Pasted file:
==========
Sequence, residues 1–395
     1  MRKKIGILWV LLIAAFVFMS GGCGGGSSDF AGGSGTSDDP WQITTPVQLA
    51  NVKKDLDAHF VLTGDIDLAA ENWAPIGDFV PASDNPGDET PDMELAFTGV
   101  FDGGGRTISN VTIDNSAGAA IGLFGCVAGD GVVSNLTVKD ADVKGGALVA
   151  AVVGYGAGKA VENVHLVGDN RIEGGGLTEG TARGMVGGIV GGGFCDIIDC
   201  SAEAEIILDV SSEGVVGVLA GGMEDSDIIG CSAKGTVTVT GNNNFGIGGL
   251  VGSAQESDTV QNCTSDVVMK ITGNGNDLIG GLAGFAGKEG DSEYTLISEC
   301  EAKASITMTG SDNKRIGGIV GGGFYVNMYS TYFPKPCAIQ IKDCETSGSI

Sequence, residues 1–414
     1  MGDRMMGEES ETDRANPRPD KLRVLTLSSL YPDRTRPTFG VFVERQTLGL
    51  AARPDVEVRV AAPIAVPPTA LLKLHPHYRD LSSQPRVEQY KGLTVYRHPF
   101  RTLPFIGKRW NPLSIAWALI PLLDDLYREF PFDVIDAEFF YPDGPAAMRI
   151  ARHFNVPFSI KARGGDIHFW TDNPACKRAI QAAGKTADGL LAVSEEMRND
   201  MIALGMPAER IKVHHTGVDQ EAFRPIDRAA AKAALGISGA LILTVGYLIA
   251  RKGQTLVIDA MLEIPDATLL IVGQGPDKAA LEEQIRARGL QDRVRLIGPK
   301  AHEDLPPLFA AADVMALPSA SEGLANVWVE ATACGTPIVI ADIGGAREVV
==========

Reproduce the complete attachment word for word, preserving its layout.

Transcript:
Sequence, residues 1–395
     1  MRKKIGILWV LLIAAFVFMS GGCGGGSSDF AGGSGTSDDP WQITTPVQLA
    51  NVKKDLDAHF VLTGDIDLAA ENWAPIGDFV PASDNPGDET PDMELAFTGV
   101  FDGGGRTISN VTIDNSAGAA IGLFGCVAGD GVVSNLTVKD ADVKGGALVA
   151  AVVGYGAGKA VENVHLVGDN RIEGGGLTEG TARGMVGGIV GGGFCDIIDC
   201  SAEAEIILDV SSEGVVGVLA GGMEDSDIIG CSAKGTVTVT GNNNFGIGGL
   251  VGSAQESDTV QNCTSDVVMK ITGNGNDLIG GLAGFAGKEG DSEYTLISEC
   301  EAKASITMTG SDNKRIGGIV GGGFYVNMYS TYFPKPCAIQ IKDCETSGSI

Sequence, residues 1–414
     1  MGDRMMGEES ETDRANPRPD KLRVLTLSSL YPDRTRPTFG VFVERQTLGL
    51  AARPDVEVRV AAPIAVPPTA LLKLHPHYRD LSSQPRVEQY KGLTVYRHPF
   101  RTLPFIGKRW NPLSIAWALI PLLDDLYREF PFDVIDAEFF YPDGPAAMRI
   151  ARHFNVPFSI KARGGDIHFW TDNPACKRAI QAAGKTADGL LAVSEEMRND
   201  MIALGMPAER IKVHHTGVDQ EAFRPIDRAA AKAALGISGA LILTVGYLIA
   251  RKGQTLVIDA MLEIPDATLL IVGQGPDKAA LEEQIRARGL QDRVRLIGPK
   301  AHEDLPPLFA AADVMALPSA SEGLANVWVE ATACGTPIVI ADIGGAREVV